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As well as charitable acts from other sectors, such as Pret A Manager offering free hot
drinks to all NHS workers and a London nightclub turning into a food distribution centre for
essential items, the beauty world has stepped up to help those in need, whether that’s
smaller independent brands donating products or profits to hygiene banks, or huge beauty
conglomerates producing hand sanitiser products to help to combat shortages.
The L’Oreal group, which owns brands like La Roche-Posay and Garnier, announced a
Europe-wide programme this week to help combat the anti-viral product shortage. The
cosmetic conglomerate is using its factories to produce hand sanitiser and hydroalcoholic
gel, distributing it to French and European authorities.
Jean-Paul Agon, the chairman and CEO of L’Oréal, said: “In this unprecedented crisis,
it is our responsibility to contribute to the collective effort in every way possible. Through
these actions, L’Oréal expresses our recognition, our support and our solidarity towards
those who are demonstrating extraordinary courage and selflessness in their efforts to
combat this pandemic.”
French brand La-Roche Posay is also supplying its partnering French pharmacies with
free hand sanitiser, as well as hospitals and care homes. Garnier is offering a similar
initiative, supplying several million units of free hand sanitiser to its European food
distribution stakeholders. L’Oreal is also donating €1m to its partner non-profit
organisations, who are helping the most vulnerable during the pandemic.
The Body Shop
A brand known and loved across the world for its skincare and bath products is providing
hygiene supplies to those in need. The brand’s North American team will be donating
30,000 units of its cleansing products to shelters and senior communities across the US
and Canada, to ensure the most vulnerable can stay clean during the pandemic. As well
as these donations, the North American team has provided all of its employees with hand
washing products to take home, in order to keep their families safe.
This charity is working to tackle period poverty in the UK by providing sanitary products to
refugees, asylum seekers and others who cannot afford them. As the organisation
rightfully states on its website, “periods don’t stop during a pandemic”, which is why it is
campaigning for donations to its “pad fund”, to help those without access to sanitary
products, especially during a time when others are bulk-buying. The charity usually
encourages people to donate period products, but given it is currently not hygienically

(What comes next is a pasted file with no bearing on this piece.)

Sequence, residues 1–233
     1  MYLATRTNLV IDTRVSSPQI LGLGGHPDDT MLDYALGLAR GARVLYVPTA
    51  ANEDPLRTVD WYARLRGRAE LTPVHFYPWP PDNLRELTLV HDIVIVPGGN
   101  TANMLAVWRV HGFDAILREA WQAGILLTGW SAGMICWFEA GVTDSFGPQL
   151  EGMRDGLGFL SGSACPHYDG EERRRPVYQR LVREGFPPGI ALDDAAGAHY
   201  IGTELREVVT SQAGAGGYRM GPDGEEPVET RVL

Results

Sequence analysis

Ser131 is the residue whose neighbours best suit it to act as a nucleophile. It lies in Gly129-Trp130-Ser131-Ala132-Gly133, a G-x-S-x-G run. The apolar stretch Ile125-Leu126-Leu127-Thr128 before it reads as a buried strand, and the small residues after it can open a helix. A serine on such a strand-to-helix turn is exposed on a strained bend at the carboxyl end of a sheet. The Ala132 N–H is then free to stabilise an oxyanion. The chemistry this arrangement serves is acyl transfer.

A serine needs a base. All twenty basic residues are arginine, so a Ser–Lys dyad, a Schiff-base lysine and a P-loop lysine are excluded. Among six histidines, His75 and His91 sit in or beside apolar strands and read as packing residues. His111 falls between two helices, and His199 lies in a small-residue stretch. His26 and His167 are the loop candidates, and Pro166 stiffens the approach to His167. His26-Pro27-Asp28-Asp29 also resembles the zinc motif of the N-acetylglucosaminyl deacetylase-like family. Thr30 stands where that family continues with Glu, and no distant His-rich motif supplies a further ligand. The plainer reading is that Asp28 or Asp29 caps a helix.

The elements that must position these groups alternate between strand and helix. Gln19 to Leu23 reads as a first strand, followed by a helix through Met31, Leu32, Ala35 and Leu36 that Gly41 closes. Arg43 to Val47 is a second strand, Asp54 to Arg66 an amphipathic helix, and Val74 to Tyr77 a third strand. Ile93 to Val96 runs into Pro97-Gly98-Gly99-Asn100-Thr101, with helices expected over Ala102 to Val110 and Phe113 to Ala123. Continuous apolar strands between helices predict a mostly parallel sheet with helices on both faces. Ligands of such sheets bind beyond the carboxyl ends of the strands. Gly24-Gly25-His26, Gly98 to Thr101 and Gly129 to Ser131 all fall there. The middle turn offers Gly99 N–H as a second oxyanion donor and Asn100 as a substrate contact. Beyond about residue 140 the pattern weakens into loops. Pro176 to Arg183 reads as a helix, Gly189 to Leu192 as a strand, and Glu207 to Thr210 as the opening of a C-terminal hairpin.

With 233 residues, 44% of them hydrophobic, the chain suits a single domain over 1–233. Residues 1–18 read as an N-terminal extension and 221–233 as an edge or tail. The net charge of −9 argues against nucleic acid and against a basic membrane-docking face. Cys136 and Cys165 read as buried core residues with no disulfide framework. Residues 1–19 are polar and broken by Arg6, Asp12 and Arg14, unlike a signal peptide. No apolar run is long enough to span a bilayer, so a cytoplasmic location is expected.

safe to do so, and it cannot continue with its usual fundraisers or hosting stalls, Bloody
Good Period is asking people to buy supplies or “sponsor a period” via its website, which
will help it to continue supporting the people who need it most, without putting anyone at
Soap & Glory
In a bid to ensure everyone has access to hygiene products, bath and body brand
Soap & Glory has partnered with The Hygiene Bank, a charity that provides personal care
essentials to those who can’t afford them, with the belief that everyone has the right to
feel clean. For every Soap & Glory purchase made online or in Boots stores until the 5
May, the brand will donate a product percentage to The Hygiene Bank. It expects to
donate 15,000 full full-size bottles of its cult-favourite “clean on me” shower gel to the
charity during the initiative.
Lizzy Hall, founder of The Hygiene Bank, says: “Today, a fifth of our population are locked
in poverty with more and more people relying on foodbanks. Hygiene poverty is not being
able to afford many of the everyday hygiene and personal grooming basics that most of us
take for granted.” Boots is also hosting donation bins for The Hygiene bank in 25 stores
across the UK, where customers can contribute through purchasing products in-store or
bringing in un-used products to donate.
Lady Gaga’s beauty brand announced this week that it will be donating 20 per cent of last
week’s profits to Los Angeles and New York food banks, in order to help those affected by
school closures, office shut downs, and other cuts to resources. In the announcement on
Instagram, the brand said: “We believe this is a time to choose compassion over fear.
Just like our fearless leader, Lady Gaga, we know we will get through this together if we
remember to continue to lead with kindness.” The brand launched in September last year,
inspired by Gaga’s early days as an aspiring singer, as it was during this time when she
formed her signature make-up looks through experimenting with products.